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Port Jefferson Country Club

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The Port Jefferson Country Club, 44 Fairway Drive, Port Jefferson will host the Port Jefferson Lions Knights of the Blind’s 25th annual Golf Classic for Charity on Thursday, Oct. 15. The event includes lunch/brunch, on course refreshments, a cocktail reception/dinner and an awards ceremony. 100 percent of the proceeds will go to local charities including Hope House, Angela’s House, local soup kitchens, Friends of Karen, Maryhaven Center of Hope, Veterans of Foreign Wars and more. To register, visit https://birdeasepro.com/portjeffersonlions. For further information, email [email protected]

By 2020, the courts at the Port Jefferson Country Club are nearly at the edge of the bluff. Photo by Royce Perera

I have spent my lifetime fighting to protect our land, water and the air we breathe in every few seconds of our lives. So, it was especially meaningful to meet Sapphire Perera, a young person in our community whose deep caring for and connection with our environment has propelled her to play a role in its protection.  

One of Sapphire’s talents is writing, and she uses this skill to spread awareness and inspire others to action. Our local newspaper, TBR News Media, has given Sapphire Perera an opportunity to use the platform of a column in the paper to inform us about environmental issues. This is a good thing because young people can introduce fresh ideas and outlook to environment-related issues and breathe new life into our motivation to protect and improve the environment that sustains us.

— State Assemblyman Steve Englebright (D-Setauket)

By Sapphire Perera

The beauty of the Port Jeff shoreline should not blind us to the growing problem of land erosion. Similar to the fact that the majestic stone figures of Easter Island should not hide the ecological disaster that overcame their island. All over the shores of Port Jeff and Long Island, there are eroding bluffs. While people just see these eroding bluffs as being steep cliffs of sand that can be climbed on, they pose a much greater threat to our environment and to the buildings that line the top of the land.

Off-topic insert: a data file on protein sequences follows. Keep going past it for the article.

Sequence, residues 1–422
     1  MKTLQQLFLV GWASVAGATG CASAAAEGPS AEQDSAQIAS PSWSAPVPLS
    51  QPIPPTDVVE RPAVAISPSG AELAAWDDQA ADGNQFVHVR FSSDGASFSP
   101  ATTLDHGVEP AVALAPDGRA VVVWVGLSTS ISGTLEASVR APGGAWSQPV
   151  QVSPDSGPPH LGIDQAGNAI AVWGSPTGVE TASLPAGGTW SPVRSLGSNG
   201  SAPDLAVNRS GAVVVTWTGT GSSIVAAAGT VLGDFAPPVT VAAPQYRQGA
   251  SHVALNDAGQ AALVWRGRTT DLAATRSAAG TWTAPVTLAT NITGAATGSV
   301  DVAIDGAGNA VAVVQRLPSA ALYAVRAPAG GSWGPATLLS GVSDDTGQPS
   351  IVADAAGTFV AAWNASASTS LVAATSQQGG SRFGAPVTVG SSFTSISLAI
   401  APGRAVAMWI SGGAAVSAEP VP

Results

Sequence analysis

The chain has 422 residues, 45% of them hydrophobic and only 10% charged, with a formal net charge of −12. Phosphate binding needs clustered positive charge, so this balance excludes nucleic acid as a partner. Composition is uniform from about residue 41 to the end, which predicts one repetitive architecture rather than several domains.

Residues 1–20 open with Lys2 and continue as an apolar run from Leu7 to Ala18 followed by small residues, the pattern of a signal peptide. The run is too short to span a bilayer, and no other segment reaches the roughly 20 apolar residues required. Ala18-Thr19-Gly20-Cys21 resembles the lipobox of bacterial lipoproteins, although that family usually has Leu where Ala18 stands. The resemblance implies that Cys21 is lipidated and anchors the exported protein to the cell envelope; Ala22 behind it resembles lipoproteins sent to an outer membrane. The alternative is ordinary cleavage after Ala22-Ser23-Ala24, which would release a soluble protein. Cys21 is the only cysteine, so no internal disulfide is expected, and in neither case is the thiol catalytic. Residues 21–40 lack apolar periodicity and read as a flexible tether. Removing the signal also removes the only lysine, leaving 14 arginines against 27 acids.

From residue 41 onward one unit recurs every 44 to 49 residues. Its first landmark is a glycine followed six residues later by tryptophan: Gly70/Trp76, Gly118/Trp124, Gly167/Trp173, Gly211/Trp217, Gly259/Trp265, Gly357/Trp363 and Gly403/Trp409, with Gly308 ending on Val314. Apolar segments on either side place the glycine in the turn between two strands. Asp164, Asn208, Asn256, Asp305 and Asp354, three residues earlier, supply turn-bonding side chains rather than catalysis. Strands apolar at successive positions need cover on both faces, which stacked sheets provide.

In 2012, satellite images show much more room left between the Port Jefferson Country Club’s tennis courts and the bluff.

Ever since 2012, the residents of Port Jeff have been trying to solve the issue of the eroding bluffs. The lack of vegetation and increasing deforestation have only made the erosion worse. To combat this problem, the village has planned on constructing seawalls and barriers and are still waiting for permits from the New York State Department of Environmental Conservation. They also hope for Suffolk County to dredge the area surrounding Mount Sinai harbor and return sand to the beaches. Currently, the Town of Brookhaven is in the midst of reconstruction of the jetties at the mouth of Mount Sinai Harbor. The jetties had been worn down over time, leaving them not as effective as they used to be, with holes and submerged rocks allowing sand to run over and through. Previous Port Times Record editor Alex Petroski wrote about the eroding bluffs in Port Jeff [“Eroding Port Jeff beach causing concern for village,” June 1, 2017], and his article included pictures of the bluffs of Port Jeff and Belle Terre. In February, my brother Royce Perera captured the image of these bluffs from a similar angle with his drone. If you compare the two pictures and examine the bluffs near the country club, the worsening erosion of the bluffs is clear. Bluff erosion has only gotten worse and without any deterrents or solutions, more land continues to end up on our sandy beaches.

Most recognize the problem but are ignorant of how the erosion of these bluffs has continually gotten worse and how human interaction can increase the rate at which erosion occurs. Many factors contribute to erosion but in recent years, there have been intense storms, strong winds and frequent human interference. While erosion is a natural process, coastal erosion on Long Island’s North Shore has been designated “critical” by the U.S. Army Corps of Engineers. As sand is continually sliding down the bluff to the beach, it is taking away land from the Island. Currently, the Port Jefferson Country Club tennis court is facing this problem because erosion of the bluff has come dangerously close to it. As more and more land disappears from the bluff, there is more of a chance for erosion to occur less stability.